Outlining the elephant

13th August 2015

If there is one thing I have learned it is that in business change is the constant. You can do all the basics; financial planning, customer and market research, product innovation, employing a great team, assigning an appropriate budget and putting in some good old fashioned hard work, yet for whatever reason the proposition becomes market-led and the results are not what you expected.


If they are worse than expected then this can be frustrating and stressful for management and staff alike and lead to a whole raft of down-stream scenarios: knee-jerk strategy reviews, resource hiring and firing, plateauing of product or service, disinterest and de-focus or simply a loss making business. It is not dissimilar with companies who are on a mega growth trajectory, this can be unexpected, unplanned and lead to cash-flow and staff turnover issues or product spin-offs which de-focus the organisation and which can ultimately lead to one of the scenarios above if not addressed.


No one wants to see all their hard work come undone and certainly a plan is better (and less tiring) than a reactive strategy so the question is, how do we manage these changes and scenarios?


We have run a number of companies over the last 17 years and on more than one occasion the board have thought we had hit the nail on the head with the product or service, but for whatever reason it wasn’t gaining traction. In each of these cases we took a new look at what we had and decided where the ‘value’ lay based on the context of the business at that time – the bigger picture. The issue wasn’t usually with the building blocks it was the way the product looked to the outside world and the steps we were taking to get there. By re-framing the proposition and adding in some solid implementation methodology, in each case we were able to re-ignite the businesses and move them to the next level.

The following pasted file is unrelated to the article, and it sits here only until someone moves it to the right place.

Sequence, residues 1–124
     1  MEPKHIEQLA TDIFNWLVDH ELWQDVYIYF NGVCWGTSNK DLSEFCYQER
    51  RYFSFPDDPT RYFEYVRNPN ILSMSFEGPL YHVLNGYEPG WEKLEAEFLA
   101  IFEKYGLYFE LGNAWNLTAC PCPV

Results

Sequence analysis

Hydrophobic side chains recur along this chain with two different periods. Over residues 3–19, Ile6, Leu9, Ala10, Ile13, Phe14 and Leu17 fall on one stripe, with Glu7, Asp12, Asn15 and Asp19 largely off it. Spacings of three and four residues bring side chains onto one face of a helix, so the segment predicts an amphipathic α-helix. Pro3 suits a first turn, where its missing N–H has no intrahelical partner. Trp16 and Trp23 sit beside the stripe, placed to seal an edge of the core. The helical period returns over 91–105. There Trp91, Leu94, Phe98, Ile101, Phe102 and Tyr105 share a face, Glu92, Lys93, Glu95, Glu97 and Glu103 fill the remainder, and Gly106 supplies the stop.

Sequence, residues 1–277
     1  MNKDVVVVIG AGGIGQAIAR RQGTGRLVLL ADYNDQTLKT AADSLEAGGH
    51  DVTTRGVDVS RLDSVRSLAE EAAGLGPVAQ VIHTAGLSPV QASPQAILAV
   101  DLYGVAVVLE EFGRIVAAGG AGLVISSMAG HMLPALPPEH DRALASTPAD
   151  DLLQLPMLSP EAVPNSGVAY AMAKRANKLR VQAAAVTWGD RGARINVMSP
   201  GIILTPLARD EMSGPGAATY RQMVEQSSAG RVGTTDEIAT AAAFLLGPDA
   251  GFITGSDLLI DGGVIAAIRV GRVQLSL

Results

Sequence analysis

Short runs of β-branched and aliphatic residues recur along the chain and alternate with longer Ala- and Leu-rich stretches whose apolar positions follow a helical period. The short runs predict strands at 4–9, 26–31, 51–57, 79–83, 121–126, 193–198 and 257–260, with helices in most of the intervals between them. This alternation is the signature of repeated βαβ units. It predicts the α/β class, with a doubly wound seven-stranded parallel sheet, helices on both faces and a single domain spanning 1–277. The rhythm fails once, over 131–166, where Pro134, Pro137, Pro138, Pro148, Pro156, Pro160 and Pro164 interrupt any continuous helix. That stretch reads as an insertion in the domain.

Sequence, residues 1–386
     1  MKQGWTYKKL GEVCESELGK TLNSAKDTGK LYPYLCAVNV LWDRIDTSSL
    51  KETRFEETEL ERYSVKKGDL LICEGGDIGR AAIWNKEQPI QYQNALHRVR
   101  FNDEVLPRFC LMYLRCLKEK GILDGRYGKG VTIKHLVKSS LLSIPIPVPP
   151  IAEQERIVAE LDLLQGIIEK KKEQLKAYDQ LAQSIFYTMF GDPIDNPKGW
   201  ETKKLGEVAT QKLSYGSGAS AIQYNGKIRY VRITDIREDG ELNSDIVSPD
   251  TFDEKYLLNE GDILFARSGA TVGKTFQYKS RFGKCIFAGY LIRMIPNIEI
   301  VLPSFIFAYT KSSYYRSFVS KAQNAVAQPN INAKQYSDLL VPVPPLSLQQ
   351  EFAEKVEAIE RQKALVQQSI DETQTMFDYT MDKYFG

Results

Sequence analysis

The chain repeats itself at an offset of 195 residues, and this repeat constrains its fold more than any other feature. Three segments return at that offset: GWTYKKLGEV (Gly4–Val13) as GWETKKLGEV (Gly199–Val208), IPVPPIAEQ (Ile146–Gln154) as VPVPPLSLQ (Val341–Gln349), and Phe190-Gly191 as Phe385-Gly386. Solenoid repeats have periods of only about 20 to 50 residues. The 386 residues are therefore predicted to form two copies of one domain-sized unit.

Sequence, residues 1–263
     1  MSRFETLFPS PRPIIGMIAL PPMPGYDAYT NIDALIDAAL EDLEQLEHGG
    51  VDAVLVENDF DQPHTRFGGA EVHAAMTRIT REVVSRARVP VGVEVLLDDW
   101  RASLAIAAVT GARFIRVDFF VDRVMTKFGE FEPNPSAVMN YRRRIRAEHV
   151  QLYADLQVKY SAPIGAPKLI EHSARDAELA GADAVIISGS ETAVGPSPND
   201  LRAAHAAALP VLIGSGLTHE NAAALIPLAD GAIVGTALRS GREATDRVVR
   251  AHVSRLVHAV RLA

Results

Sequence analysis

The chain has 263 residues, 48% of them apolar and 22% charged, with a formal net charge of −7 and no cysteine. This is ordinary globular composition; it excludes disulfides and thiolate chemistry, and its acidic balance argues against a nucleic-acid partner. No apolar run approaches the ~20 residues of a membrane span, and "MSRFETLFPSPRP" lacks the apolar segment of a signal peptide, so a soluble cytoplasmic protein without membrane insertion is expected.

The simple analogy here is that we had an elephant dot-dot picture, with all the dots, elements of the shape but no consistent view of what we were supposed to be drawing and certainly no numbering to guide us through the process. We knew we had to complete the picture and the final shape was beautiful but with no start and end and we were randomly joining dots and hoping a picture emerged that we, and the market recognised.


Taking the analogy one step further we (at Rokker) see a number of different scenarios we can map to our dot-to-dot elephant:


The Nucleus
This is a business which knows they want to draw an elephant but has no outline or numbered steps to follow.


The Jigsaw
This is a business or a group with a number of products or services represented as all the dots but with no form, making the elephant hard to see.


The Underachiever
This is a business, department or product which is under performing or plateauing, in our dot-to-dot we either need to come up with a new picture or get back on the numbered steps to achieve our elephant.


The Hamster Wheel
This business is running at full speed joining random dots as fast as they can to keep the picture moving but with very little return for their effort; no elephant – here we can simplify the proposition, create some next numbered steps and give the business the tools to draw the elephant then onto the zoo!


At Rokker we use Business Design as a tool to addresses these strategic challenges; taking the research and implementation rigour of management consulting and the creativity-driven innovation of design thinking to solve the problems for clients. If you have an elephant you need defining or even worse you don’t know the market needs an elephant, then why not give us a call.


Andy Rogers
Founder and Managing Partner